Mon, Sep 14, 2015 - Page 8 News List

Taipei’s patronage of pornography

By Chen Chao-ju 陳昭如

EasyCard Corp’s decision to feature images of a Japanese adult video star on a series of special-edition cards is probably the first time that so much public money has been splashed out on overseas pornographic products — not to mention the 24-hour media coverage, especially when nobody is denying that the cards are almost exclusively serving “male interests.”

This is what the so-called “white force” political arrivistes — a group that gathered around Taipei Mayor Ko Wen-je (柯文哲) during the election campaign — have managed to accomplish. The white force has become very fashionable and it has succeeded in becoming the third political force in Taiwan. With political players of all weights pandering to it for support, who knows how far Taipei’s patronage of pornography will go?

The “devil” and “angel” images on the new cards are the kind of provocative images of women that you can see just about everywhere. Even groups advocating wholesome social values could not find too much fault in the images.

The pictures would not have been so controversial if the person featured in them did not represent pornographic culture and the pornography industry. Therefore, the controversy is not about the photographs per se, but rather in the sexual fantasies that they evoke due to their association with the pornography industry.

Critics who want to protect social values say that these values will be harmed should these cards — bearing the images of an adult video star and all the associations to sexual fantasies that come with it — be distributed around Taipei.

Sexual rights advocates counter this argument by saying that there is nothing wrong with sexual fantasies. They also say that sexuality should not be demonized and that these images should not be discarded in the name of protecting children and minors.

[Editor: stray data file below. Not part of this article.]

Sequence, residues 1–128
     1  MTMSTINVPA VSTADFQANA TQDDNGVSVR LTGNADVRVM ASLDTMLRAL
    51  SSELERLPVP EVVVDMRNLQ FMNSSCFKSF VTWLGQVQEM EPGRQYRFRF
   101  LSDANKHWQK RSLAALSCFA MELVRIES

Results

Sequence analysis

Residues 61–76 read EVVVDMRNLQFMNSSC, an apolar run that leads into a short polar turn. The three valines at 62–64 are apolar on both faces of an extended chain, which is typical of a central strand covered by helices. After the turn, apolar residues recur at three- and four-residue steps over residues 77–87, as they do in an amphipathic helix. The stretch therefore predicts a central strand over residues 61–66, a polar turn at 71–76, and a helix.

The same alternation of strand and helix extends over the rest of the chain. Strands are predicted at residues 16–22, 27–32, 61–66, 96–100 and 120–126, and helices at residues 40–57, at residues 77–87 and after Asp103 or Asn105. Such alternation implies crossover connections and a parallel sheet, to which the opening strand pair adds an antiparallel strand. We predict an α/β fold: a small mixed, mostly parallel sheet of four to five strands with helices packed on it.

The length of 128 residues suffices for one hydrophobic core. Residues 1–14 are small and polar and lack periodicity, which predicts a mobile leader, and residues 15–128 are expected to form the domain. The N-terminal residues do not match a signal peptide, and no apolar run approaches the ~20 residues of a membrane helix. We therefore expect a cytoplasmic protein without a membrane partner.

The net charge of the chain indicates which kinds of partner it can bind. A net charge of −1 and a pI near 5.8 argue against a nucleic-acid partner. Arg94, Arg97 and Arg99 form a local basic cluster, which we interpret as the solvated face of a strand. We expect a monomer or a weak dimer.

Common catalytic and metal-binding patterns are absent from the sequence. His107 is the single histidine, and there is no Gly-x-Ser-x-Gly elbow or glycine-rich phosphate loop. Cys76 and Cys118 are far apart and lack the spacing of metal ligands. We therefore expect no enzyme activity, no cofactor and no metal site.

The critics are viewing this as an issue of morality, saying that the pictures ought to be suppressed, whereas sexual rights advocates see this as an issue of freedom and think that society should be more open to the use of images of this nature.

A balanced view would be that there is no need to suppress sexual images that do not promote discrimination, but that any sexual oppression that leads to inequality should be opposed, and that deregulation will not necessarily counter oppression.

Therefore, the questions that need to be asked are: What kind of sexuality is the pornography industry producing? Does it foster freedom of sexual expression or does it create harmful sexual oppression? Whose sexual freedom and whose sexual oppression is involved in the fantasies of men who grope women on public transportation?

This kind of freedom of sexual expression is, in fact, a form of sexual oppression. Not all forms of sexual expression lead to discrimination or harm.

Pornography is an issue of gender discrimination, but it has long been mistaken for an issue of social mores or an issue between the sexual majority and sexual minorities.

The Council of Grand Justices’ Constitutional Interpretation No. 617 allows for the freedom of expression with sexually explicit material and says that sexual minorities’ rights of freedom of expression should be protected, but only when it does not harm the values and sensibilities of the sexual majority.

At first glance, this would seem to protect both the majority and the minority, but in fact, the more you say it — sexual morality and guarantees for minorities — the more problematic it becomes.

This story has been viewed 2951 times.

Comments will be moderated. Keep comments relevant to the article. Remarks containing abusive and obscene language, personal attacks of any kind or promotion will be removed and the user banned. Final decision will be at the discretion of the Taipei Times.

TOP top